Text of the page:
Are kids’ stories suffering from Hermione syndrome?

Something got my back up this week, but it’s made me even more determined to fulfil my latest goal.

I want to write a children’s television show.

I think my books would make a perfect kids’ series, but if that doesn’t come off, I’d like to write something new.

When I think back to my favourite childhood programs, I gravitate towards live action series for older kids and teens – think Saved by the Bell, Heartbreak High and Degrassi. If I was a kid now, you can bet I’d be a massive fan of Dance Academy.

But I don’t have too many memories of standout programs from my early childhood and middle grade years. I certainly didn’t obsess over anything the way my daughter did with Dora the Explorer.

One program I loved for a while was Punky Brewster, and I think that’s because it was one of (if not the only) series that featured someone I could properly identify with.

Punky Brewster

Punky Brewster, one of my favourite TV characters from my childhood.

I’ve always favoured realism over fantasy (give me Judy Blume over C.S Lewis).

And I’ve always favoured strong girl characters as leads – maybe it is a touch of gender bias, but I’ve always longed to feel like I have something in common with who I’m watching.

Which brings me to what ‘got my back up.’

I’ve been doing a course in writing for children’s TV and, so far, it’s been quite inspiring. Except for one bit.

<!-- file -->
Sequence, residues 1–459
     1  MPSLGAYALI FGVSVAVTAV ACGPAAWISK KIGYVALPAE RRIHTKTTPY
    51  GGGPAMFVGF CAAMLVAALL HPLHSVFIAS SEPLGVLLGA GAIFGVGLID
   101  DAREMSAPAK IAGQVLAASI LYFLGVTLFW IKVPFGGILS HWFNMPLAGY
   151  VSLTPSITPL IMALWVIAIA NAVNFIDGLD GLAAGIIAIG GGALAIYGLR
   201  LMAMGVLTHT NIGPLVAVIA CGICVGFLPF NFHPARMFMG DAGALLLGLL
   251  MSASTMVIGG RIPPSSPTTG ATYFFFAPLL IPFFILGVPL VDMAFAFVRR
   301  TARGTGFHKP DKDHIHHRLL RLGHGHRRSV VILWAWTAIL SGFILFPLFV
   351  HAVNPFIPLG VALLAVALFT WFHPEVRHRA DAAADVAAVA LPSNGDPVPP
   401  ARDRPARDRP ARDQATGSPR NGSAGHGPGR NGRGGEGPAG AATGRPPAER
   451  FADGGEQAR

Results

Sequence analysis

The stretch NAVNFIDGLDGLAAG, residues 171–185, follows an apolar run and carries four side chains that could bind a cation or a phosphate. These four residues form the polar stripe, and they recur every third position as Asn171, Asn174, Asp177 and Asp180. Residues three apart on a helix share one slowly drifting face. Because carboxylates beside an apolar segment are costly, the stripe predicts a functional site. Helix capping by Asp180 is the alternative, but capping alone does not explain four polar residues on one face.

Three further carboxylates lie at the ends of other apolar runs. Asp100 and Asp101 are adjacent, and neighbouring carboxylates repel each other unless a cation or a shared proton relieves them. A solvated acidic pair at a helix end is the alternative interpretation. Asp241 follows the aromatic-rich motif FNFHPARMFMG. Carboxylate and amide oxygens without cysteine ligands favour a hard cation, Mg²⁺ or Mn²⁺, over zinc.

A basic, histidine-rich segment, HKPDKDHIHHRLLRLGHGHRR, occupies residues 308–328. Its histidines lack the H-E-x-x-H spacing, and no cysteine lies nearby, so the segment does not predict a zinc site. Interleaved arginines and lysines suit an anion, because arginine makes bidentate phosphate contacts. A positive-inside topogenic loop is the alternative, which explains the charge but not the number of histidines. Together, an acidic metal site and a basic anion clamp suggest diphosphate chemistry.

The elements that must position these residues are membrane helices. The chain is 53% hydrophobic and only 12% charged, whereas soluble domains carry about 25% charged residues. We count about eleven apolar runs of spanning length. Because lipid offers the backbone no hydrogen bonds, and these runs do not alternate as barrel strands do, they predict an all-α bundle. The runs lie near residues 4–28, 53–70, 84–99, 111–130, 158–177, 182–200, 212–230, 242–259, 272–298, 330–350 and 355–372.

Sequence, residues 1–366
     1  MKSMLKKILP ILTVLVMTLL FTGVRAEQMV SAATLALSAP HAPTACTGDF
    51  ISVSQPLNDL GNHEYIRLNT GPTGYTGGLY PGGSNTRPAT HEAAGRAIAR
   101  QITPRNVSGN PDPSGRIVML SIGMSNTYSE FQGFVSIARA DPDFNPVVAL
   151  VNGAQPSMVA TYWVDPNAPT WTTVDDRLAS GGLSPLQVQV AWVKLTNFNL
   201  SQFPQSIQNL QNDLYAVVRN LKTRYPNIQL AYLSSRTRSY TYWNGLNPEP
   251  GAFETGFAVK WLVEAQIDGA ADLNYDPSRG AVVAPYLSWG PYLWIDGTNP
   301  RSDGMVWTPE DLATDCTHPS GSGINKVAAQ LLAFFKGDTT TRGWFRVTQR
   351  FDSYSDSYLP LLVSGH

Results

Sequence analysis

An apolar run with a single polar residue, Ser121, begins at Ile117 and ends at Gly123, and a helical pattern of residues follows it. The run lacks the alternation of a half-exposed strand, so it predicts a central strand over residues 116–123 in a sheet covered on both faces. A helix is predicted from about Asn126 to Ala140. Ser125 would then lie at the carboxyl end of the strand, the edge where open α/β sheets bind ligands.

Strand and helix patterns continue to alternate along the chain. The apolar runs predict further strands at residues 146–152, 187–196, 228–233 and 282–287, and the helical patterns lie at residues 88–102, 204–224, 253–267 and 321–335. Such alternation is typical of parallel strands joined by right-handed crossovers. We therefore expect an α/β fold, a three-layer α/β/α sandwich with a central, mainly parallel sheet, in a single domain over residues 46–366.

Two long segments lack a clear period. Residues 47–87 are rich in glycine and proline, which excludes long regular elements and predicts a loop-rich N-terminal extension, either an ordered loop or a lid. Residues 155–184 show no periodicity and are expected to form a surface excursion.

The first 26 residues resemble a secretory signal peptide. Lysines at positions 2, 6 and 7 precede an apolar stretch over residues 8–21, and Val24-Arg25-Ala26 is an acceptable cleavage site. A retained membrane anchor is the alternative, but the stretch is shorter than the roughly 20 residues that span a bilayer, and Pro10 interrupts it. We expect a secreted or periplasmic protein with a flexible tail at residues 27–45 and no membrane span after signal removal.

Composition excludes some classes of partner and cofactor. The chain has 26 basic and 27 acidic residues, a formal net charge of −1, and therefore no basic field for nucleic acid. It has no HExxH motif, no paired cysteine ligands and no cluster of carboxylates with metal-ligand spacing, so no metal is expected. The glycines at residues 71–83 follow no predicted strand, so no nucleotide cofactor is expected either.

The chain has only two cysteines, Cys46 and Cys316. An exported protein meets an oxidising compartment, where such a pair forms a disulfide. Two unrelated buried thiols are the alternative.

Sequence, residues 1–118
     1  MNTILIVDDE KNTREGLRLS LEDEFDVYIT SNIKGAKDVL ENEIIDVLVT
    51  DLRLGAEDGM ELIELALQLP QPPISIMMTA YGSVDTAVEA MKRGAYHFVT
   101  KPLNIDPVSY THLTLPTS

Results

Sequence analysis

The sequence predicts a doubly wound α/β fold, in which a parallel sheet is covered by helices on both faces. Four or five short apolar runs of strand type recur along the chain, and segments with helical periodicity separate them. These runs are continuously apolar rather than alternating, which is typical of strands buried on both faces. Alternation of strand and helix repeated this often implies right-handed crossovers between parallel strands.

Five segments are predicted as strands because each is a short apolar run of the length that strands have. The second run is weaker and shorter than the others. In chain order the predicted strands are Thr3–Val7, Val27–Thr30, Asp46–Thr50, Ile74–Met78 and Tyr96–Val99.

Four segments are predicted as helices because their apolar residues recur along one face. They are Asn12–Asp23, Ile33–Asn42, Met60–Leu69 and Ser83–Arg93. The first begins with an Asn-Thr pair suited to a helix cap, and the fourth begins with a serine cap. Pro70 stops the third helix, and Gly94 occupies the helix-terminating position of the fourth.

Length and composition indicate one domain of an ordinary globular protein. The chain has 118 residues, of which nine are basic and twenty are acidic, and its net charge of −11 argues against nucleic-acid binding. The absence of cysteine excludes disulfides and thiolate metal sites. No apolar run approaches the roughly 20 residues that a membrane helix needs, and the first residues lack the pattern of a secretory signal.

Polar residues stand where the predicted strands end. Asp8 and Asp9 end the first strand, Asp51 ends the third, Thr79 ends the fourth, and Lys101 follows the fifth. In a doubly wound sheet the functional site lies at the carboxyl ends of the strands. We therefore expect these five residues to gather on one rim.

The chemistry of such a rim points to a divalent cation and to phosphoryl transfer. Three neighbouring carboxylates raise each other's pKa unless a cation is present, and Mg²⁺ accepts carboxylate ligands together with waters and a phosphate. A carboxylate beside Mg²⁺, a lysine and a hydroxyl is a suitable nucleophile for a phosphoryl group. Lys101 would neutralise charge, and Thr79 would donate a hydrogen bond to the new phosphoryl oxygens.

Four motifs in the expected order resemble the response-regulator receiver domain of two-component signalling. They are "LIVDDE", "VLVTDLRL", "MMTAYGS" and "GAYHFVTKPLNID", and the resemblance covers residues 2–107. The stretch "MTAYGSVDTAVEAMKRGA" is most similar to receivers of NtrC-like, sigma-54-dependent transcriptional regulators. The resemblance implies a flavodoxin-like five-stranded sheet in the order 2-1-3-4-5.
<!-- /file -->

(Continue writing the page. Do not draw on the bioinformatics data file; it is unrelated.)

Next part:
There were some comments made during class about what somebody called ‘Hermione syndrome’ – a trend towards featuring ‘strong girl characters’ in stories.

This person argued that a character has no depth without flaws. That part, I completely agree with.

But girl characters can have flaws and still be strong.

And I don’t think we should be sticking to the status quo of keeping the ratio of on- screen females to males at 1:3 (stat from the Geena Davis Institute on Gender in Media), or continuing to perpetuate stereotypes of prissy, weak and inferior princess-like characters.

I don’t for a second think that morals and political correctness should stand in the way of a good story.

Kids can sniff out preachiness from a mile away.

But the best stories for kids, and the best writers, can weave in positive messages without compromising on a mesmerising narrative.

I’d even go so far as to say it’s our responsibility.


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